October 1 of each year marks Grey Day when participating webmasters will remove stories, music, poetry, fancy programming, graphics, font variations, and color from their front pages hoping to curb:
- bandwidth robbery,
- unlicensed use of copyrighted works, and
- online plagiarism.
This event may also provide an excellent opportunity to discuss plagiarism in reports and research papers in your classroom.
Although Internet plagiarism may not be an issue in your classroom, the Internet has made plagiarism of school assignments incredibly easy, and the task of preventing it, exhausting.
Do you Teach Students to Plagiarize?
Assigning a research topic and gaining student access to the library without providing instruction on paraphrasing, summarizing, quoting and citing invites plagiarism since many students have not received instruction in these areas.
Stern warnings are a poor substitute for instruction because so many have received A's for neatly copied reports throughout elementary and middle school.
Fortunately, teaching materials are available on the Internet.
A Few Web Activities
Add fun to lessons about plagiarism on Web pages, by having students read and then write their own Copyright Watch Doggerel.
Help students discover real life occurrences of Web site plundering at Ask Aunt Crabby, a clever parody of Dear Abby.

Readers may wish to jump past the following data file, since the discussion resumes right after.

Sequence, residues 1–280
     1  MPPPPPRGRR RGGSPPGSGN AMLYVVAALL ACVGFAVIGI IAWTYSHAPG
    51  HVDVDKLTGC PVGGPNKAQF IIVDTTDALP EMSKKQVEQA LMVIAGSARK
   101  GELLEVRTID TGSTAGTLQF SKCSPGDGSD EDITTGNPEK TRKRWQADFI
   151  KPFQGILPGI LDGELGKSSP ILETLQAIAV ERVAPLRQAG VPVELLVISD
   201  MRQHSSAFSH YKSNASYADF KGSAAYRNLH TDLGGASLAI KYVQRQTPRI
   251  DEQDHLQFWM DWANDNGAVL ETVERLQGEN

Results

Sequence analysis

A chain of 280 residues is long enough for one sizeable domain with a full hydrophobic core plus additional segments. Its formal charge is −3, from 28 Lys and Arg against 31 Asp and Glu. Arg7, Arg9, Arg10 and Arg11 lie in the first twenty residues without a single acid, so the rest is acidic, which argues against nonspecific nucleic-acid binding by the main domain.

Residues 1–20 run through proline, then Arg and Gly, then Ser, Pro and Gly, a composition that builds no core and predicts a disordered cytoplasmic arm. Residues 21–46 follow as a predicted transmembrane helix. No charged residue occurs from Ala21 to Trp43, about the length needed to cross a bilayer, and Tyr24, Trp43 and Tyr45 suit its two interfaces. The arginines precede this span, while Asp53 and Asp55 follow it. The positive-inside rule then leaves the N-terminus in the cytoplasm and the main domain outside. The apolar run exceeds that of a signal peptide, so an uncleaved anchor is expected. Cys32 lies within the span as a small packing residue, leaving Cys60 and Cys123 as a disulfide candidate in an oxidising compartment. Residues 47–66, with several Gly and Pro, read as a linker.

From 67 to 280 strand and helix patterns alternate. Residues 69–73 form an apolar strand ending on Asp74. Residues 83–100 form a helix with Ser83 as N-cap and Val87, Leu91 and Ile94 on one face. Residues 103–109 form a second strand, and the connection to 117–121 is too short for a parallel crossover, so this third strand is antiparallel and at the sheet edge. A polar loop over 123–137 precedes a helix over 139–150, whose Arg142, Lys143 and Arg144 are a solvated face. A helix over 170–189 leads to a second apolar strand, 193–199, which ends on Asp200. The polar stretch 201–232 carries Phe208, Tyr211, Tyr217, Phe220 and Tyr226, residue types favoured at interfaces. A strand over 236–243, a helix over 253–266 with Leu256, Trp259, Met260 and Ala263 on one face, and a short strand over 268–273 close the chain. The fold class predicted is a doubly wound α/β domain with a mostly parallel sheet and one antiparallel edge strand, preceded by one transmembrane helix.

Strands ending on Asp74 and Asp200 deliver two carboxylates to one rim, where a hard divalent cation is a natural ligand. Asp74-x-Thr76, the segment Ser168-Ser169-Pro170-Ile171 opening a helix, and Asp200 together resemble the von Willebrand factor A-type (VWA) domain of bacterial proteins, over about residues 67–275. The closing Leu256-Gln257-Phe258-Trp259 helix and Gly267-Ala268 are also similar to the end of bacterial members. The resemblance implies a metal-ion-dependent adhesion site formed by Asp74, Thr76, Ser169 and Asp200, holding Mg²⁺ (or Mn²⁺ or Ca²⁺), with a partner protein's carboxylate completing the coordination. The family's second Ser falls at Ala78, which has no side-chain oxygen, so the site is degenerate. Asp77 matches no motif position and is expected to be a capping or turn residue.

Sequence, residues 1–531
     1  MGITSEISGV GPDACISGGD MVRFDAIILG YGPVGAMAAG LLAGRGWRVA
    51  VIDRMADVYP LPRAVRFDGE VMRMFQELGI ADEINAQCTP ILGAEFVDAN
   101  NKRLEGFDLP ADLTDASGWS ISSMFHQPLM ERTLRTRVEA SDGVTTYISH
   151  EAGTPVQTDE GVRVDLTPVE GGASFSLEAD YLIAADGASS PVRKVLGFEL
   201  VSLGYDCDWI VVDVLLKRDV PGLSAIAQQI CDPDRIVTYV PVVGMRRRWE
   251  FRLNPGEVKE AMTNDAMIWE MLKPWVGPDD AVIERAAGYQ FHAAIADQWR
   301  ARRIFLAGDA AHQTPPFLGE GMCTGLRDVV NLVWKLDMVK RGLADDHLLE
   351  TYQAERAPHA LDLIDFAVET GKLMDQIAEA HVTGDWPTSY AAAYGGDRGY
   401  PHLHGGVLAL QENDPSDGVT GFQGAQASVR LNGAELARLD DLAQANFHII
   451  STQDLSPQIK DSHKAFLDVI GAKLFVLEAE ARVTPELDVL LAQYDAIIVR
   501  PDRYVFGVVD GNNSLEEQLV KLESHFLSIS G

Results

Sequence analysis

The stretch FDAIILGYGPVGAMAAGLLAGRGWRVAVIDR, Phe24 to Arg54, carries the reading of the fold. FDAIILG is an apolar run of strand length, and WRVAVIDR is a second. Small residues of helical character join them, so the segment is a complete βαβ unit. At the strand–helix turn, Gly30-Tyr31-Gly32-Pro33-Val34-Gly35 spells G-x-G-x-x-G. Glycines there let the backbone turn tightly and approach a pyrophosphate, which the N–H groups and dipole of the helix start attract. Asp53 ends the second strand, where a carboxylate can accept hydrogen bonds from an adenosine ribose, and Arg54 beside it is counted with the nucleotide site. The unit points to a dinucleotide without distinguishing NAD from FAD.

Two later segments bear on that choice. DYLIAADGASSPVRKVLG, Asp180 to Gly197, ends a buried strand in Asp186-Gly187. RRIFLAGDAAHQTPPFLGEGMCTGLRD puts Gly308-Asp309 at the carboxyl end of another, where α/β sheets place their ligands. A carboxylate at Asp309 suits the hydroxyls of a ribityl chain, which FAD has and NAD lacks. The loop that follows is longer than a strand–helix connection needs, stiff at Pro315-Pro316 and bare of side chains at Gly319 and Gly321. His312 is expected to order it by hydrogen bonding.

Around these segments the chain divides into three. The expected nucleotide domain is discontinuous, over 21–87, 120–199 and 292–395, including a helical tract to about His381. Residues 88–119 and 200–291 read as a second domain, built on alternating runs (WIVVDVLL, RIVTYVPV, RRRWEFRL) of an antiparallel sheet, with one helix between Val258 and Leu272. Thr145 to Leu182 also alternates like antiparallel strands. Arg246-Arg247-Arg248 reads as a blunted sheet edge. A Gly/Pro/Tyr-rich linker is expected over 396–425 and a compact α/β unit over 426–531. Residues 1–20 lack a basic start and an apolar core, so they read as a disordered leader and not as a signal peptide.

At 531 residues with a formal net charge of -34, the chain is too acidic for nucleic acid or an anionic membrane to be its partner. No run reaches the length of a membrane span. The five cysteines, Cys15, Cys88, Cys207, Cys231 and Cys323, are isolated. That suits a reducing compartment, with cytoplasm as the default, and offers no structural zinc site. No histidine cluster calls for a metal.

How to Reduce Plagiarism
Teach the differences in quoting paraphrasing, and summarizing.
Elevate research topics to include high order thinking skills.
Show students professional publications in your content area and point out citations. Show students how to use appropriate style manuals and provide abbreviated versions.
Monitor students at each step of the writing process.
Consider using the I Search Unit as an alternative to a formal research paper. Be sure to check this out! Turn to the professionals. If plagiarism is truly a problem for your school or district, there are online resources that can help detect plagiarized work. An example is turnitin.com.
The Copyright Web Site
You will find everything you want to know about copyrights here.
Wonderful collection of resources on the internet to help the instructor fight against plagiarism.
A brief explanation of plagiarism spells out the various ways students can go wrong. This list includes submitting a paper that has been submitted previously for another course.
Ten Big Myths about Copyright Explained
Some of this information is likely to surprise your students.
Written by Diane Walker
Updated by Melissa Kelly